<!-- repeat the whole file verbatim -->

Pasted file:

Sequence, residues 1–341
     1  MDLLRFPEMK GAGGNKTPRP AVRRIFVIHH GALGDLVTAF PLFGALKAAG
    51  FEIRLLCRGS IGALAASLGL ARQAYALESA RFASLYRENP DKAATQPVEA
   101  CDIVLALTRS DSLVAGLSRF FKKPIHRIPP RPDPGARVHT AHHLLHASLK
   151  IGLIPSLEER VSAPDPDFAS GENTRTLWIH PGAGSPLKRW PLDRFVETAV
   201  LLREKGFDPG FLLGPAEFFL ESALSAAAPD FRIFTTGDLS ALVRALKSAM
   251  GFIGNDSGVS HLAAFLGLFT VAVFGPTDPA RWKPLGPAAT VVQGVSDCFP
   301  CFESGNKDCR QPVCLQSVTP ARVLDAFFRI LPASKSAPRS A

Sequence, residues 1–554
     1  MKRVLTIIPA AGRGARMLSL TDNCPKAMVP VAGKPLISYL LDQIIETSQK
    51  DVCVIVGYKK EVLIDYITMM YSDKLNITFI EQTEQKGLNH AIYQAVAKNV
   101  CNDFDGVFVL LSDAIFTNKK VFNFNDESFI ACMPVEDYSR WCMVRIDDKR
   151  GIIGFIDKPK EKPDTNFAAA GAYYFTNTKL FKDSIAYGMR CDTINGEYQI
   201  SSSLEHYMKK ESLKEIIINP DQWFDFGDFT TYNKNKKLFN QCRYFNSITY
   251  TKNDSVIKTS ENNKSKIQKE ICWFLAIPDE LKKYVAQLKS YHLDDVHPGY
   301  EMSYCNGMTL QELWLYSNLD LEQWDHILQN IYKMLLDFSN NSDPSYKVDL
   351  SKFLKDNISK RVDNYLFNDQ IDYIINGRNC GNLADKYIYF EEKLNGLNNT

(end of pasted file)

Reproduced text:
Sequence, residues 1–341
     1  MDLLRFPEMK GAGGNKTPRP AVRRIFVIHH GALGDLVTAF PLFGALKAAG
    51  FEIRLLCRGS IGALAASLGL ARQAYALESA RFASLYRENP DKAATQPVEA
   101  CDIVLALTRS DSLVAGLSRF FKKPIHRIPP RPDPGARVHT AHHLLHASLK
   151  IGLIPSLEER VSAPDPDFAS GENTRTLWIH PGAGSPLKRW PLDRFVETAV
   201  LLREKGFDPG FLLGPAEFFL ESALSAAAPD FRIFTTGDLS ALVRALKSAM
   251  GFIGNDSGVS HLAAFLGLFT VAVFGPTDPA RWKPLGPAAT VVQGVSDCFP
   301  CFESGNKDCR QPVCLQSVTP ARVLDAFFRI LPASKSAPRS A

Sequence, residues 1–554
     1  MKRVLTIIPA AGRGARMLSL TDNCPKAMVP VAGKPLISYL LDQIIETSQK
    51  DVCVIVGYKK EVLIDYITMM YSDKLNITFI EQTEQKGLNH AIYQAVAKNV
   101  CNDFDGVFVL LSDAIFTNKK VFNFNDESFI ACMPVEDYSR WCMVRIDDKR
   151  GIIGFIDKPK EKPDTNFAAA GAYYFTNTKL FKDSIAYGMR CDTINGEYQI
   201  SSSLEHYMKK ESLKEIIINP DQWFDFGDFT TYNKNKKLFN QCRYFNSITY
   251  TKNDSVIKTS ENNKSKIQKE ICWFLAIPDE LKKYVAQLKS YHLDDVHPGY
   301  EMSYCNGMTL QELWLYSNLD LEQWDHILQN IYKMLLDFSN NSDPSYKVDL
   351  SKFLKDNISK RVDNYLFNDQ IDYIINGRNC GNLADKYIYF EEKLNGLNNT